Just about every packaged product you pick up, whether it be a jar of peanut butter, a 12-pack of soda, a box of cereal, or pre-packaged packets of oatmeal, has added sugar.

Still, sugar is not inherently bad. If you eat mostly natural, plant-based sources of sugar, like fresh fruit, then you’ll avoid the processed sugar, and fuel your body with healthy sources of fuel that provide you with ample nutrients.

4. Processed sugar affects the brain.

Have you ever wondered why you might struggle to restrain from eating an entire sleeve of pre-packaged cookies? Well, it has a lot to do with the way processed sugar affects the brain.

In fact, Cassie Bjork, RD, LD, states:

“Every time we eat sweets, we are reinforcing those neuropathways, causing the brain to become increasingly hardwired to crave sugar, building up a tolerance like any other drug.”

You wouldn’t sit there and eat three bowls of broccoli, but you could probably polish off a pint of ice cream. I have found that by simply minimizing the amount of added sugar in my diet, I can enjoy one or two of my healthy, homemade treats, or even an indulgent dessert, and feel satisfied.

The key is to decrease the overall added sugar in your diet so that you don’t feel like you constantly need it. I used to crave sugar, but now that I only eat 10–15 grams of added sugar per day (at most), I no longer have that high tolerance.

5. The daily limit is less than you think.

The American Heart Association’s daily recommended maximum for added sugar intake is about 6 teaspoons for women, and 9 teaspoons for men.

This equates to about 24 grams of sugar for women, and 36 grams for men.

Trust me, this is way less than you think. If you eat a blueberry bagel for breakfast with a generous scoop of peanut butter slathered on each side, you’ve just consumed about 15 grams of added sugar. If you drink a single can of soda at any point in the day, you’ve just downed 39 grams of sugar.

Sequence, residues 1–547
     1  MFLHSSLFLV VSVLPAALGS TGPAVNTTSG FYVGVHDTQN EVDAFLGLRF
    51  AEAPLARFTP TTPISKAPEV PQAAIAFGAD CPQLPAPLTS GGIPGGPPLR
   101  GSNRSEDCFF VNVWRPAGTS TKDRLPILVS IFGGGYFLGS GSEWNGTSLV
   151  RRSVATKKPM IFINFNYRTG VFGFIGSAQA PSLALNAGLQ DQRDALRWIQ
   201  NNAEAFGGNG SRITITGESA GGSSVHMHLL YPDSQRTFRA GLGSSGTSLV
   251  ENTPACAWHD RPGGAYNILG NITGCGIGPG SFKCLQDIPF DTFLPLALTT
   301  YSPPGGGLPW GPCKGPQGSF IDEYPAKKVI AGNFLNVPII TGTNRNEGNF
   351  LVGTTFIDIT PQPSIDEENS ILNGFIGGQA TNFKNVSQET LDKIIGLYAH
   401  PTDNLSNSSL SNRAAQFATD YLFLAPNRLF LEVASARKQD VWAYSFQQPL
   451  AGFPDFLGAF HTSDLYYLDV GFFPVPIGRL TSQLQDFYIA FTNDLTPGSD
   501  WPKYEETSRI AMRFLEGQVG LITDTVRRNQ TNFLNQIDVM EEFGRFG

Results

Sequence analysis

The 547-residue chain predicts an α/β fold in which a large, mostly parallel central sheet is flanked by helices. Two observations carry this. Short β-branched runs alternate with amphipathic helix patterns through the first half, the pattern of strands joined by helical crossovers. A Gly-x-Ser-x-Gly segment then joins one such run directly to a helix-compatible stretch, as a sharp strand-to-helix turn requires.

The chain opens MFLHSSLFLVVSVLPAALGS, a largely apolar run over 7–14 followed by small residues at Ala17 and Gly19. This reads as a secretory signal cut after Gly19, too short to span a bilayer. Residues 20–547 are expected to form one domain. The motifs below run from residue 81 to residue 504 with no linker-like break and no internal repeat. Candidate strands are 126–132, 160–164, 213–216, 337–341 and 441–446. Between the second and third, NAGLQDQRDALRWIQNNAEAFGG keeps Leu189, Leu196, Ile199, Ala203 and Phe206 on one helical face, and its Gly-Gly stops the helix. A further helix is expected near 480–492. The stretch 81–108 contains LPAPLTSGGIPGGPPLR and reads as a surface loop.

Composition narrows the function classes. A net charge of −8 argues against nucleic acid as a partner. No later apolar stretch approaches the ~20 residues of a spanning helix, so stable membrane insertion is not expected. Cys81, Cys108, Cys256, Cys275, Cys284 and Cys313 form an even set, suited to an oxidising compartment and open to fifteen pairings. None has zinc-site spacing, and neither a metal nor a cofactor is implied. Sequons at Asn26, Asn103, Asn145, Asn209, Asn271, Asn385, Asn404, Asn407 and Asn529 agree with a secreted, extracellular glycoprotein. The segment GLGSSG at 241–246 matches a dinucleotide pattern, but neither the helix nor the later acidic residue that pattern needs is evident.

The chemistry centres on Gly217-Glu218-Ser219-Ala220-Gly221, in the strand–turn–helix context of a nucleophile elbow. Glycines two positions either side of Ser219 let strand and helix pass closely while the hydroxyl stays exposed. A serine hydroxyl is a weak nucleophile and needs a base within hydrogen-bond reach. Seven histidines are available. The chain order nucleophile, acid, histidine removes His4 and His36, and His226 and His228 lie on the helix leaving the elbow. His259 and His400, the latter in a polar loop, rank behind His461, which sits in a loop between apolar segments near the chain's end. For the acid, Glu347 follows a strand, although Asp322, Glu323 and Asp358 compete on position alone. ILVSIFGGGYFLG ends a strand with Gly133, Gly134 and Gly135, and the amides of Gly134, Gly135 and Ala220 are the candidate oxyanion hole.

The best way to stay within the daily recommended limit is to eat mostly minimally processed, plant-based ingredients. I know that this may not be feasible for some, but if you have the means and access to fresh, natural food, it’s well worth it to make your health a priority.

Final Thoughts

Sugar has been labeled as an unhealthy ingredient for years. Unfortunately, this holds true for most of the pre-packaged foods you will find at any mainstream grocery store. However, fresh ingredients that contain natural sugar are a completely different story.

Once I started cooking most of my meals at home, I realized that I no longer even came close to reaching the daily recommended maximum for added sugar intake. I still enjoy vegan brownies, cookies, and other desserts, but I make them fresh at home with minimal added sugar.

If you rely too heavily on packaged convenience foods, it will be nearly impossible to stay within the recommended limit. Focus on eating a balanced diet with mostly natural, minimally processed ingredients. That way, you’ll decrease your added sugar intake, and ultimately boost your health.

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Ohio U XC/Track alum. I love to run. I blog about food, health, fitness, lifestyle, etc. Personal Blog - nomeatfastfeet.com | Electrical and Computer Engineering Grad.

Raleigh, NC